There are five colours that make up the interlocking Olympic rings. Red, blue, green, yellow, and black. For the athletes that attend, only one matters: Gold. Gold is all that resounds for every elite athlete, however, for some the Olympics is a goal that rests on the horizon, lingering ever close but elusively out of reach. For karate athletes, including Natalie Williams, one of England’s top female competitors, this has unfortunately been the case throughout her career.
Williams, a London born 26 year old, sits and watches the television every four years as athletes from all corners of the world, at their physical peak, hope their name is written in the record books. They hope that all their dreams will come true on this very day. She sits and watches the white, blue and red of the Great Britain competitors claim their glory, proud to have the Union Jack stitched across their heart.
She too wears those colours; she too wears that badge. For eight years she has done so at senior level. However, unlike these Olympians, because she competes in a sport which doesn’t feature in the Olympics she doesn’t get that chance. ‘I get very annoyed karate isn’t in the Olympics’, she says, ‘especially watching Tae Kwon Do and Judo as they’re not entertaining to watch, they’re embarrassing, confusing and don’t represent martial arts properly’.
When karate was again put on the list of sports that would be considered for Olympic inclusion for the London 2012 Games, Williams saw that glimmer of hope again. She says, ‘When I thought 2012 was possible I thought right, I’m not stopping’.
However, in 2005 at the International Olympic Committee meeting in Singapore karate again missed out on securing its place at the games by not reaching the necessary amount of votes. When this happened, Williams says she ‘felt the morale of the karate community drop’ and could ‘feel the disappointment among the competitors on the world stage’.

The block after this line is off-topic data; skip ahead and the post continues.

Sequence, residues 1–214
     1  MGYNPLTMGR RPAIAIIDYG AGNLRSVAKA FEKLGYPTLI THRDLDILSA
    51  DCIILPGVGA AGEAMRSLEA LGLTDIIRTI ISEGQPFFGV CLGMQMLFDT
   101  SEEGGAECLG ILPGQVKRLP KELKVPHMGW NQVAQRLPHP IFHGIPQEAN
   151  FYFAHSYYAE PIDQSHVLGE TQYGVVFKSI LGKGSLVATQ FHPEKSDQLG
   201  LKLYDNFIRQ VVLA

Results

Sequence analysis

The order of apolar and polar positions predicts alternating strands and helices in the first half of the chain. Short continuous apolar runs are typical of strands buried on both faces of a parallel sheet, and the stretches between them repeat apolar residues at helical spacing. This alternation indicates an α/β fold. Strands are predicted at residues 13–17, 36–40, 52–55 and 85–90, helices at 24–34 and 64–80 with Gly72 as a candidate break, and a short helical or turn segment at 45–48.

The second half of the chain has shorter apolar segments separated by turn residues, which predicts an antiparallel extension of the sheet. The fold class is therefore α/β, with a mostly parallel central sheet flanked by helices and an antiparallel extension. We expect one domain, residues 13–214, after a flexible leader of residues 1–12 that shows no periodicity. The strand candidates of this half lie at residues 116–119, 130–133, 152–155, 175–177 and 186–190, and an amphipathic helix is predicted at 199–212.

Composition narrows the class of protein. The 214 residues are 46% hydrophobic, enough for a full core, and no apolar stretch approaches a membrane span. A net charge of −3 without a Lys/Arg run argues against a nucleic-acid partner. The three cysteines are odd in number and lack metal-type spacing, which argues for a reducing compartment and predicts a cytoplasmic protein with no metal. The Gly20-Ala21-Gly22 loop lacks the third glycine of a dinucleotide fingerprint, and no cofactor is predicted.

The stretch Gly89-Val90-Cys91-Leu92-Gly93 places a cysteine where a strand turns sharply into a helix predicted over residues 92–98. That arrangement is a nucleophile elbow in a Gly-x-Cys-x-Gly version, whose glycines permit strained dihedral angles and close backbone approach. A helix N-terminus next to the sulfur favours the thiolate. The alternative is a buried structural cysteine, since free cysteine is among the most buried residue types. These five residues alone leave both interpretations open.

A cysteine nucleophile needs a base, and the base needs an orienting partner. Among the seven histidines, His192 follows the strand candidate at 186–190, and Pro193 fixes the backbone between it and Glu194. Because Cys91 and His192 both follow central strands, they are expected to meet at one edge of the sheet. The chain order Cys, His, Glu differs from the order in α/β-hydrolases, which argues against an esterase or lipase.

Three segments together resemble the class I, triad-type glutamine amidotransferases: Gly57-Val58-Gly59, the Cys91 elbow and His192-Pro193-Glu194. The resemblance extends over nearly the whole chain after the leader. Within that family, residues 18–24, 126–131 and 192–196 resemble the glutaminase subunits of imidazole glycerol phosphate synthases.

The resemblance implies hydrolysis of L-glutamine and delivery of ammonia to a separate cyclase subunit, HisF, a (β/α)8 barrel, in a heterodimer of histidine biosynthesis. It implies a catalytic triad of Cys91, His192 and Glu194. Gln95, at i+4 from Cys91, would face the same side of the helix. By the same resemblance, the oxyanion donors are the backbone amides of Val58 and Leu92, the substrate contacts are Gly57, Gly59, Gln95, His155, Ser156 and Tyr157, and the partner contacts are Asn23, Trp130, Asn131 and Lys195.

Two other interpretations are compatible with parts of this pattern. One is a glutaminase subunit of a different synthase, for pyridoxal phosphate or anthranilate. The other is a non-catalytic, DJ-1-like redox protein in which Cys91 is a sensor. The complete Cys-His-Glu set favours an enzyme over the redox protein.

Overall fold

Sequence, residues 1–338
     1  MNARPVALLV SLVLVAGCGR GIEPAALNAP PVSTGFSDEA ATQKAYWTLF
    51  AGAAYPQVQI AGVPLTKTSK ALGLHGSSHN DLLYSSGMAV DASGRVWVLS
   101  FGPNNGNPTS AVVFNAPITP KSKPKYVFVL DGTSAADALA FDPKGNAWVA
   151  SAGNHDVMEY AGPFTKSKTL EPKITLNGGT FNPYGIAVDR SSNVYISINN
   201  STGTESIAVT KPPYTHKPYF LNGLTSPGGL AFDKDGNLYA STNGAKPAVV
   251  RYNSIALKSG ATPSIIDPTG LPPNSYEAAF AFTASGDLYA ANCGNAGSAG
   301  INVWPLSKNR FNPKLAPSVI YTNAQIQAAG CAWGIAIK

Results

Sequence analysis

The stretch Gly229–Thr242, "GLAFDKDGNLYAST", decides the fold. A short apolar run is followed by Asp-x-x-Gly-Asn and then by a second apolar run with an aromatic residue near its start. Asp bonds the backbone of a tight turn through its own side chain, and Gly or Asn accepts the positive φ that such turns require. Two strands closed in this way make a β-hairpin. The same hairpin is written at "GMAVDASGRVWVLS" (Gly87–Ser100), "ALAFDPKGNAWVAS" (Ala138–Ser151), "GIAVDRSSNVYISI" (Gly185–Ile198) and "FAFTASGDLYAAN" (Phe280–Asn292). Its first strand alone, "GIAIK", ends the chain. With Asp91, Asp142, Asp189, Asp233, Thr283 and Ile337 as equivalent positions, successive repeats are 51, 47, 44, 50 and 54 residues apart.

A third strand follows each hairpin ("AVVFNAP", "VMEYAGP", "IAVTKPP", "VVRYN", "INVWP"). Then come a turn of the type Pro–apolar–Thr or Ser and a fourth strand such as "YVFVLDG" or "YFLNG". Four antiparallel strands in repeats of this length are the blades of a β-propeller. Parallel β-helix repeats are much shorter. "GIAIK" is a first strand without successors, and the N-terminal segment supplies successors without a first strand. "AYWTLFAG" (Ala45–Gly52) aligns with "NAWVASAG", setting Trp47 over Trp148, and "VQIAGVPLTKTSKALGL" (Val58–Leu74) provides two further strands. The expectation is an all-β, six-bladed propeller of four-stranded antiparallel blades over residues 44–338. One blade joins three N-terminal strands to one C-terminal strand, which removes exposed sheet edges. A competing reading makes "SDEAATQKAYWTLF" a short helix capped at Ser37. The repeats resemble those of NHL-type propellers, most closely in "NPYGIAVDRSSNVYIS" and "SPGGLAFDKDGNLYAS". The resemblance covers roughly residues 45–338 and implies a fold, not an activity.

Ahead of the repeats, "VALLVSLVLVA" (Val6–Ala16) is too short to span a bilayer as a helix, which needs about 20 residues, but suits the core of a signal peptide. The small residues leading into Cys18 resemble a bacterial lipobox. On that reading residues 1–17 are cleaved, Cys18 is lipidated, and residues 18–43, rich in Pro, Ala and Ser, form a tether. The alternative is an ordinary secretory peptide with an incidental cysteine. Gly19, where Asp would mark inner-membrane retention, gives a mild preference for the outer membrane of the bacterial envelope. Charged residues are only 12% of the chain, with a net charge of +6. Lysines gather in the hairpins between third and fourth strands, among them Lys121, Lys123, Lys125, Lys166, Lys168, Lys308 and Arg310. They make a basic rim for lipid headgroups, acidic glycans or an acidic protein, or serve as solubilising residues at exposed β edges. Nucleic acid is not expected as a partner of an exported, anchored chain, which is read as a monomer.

Since then, just like beforehand, Williams had to set her sights elsewhere, her Olympic dreams over. For younger karate athletes, that lingering optimism remained providing them with a hint of incentive in continuing on their Olympic quest. This was due to karate being again up for inclusion in the 2016 games to be held in Rio de Janeiro. ‘2016 is too far off, and I’ll be too old,’ Williams says, her voice quietening with a subtle sadness. And now, for many of these youngsters, that dream too will have to be put on hold with another vote ousting karate in favour of golf and rugby sevens.
Perhaps, the biggest long shot of them all, and last shot for Williams, is karate being included in the London games as an unofficial demonstration sport. Demonstration sports were stopped after the 1992 Olympic Games in Barcelona, Spain due to growing organisational and time constraints. However, in Beijing 2008 they were allowed to include a representational sport as it showcased the traditional Chinese sport of Wushu. London at this time however, has not pushed for inclusion of any such sport.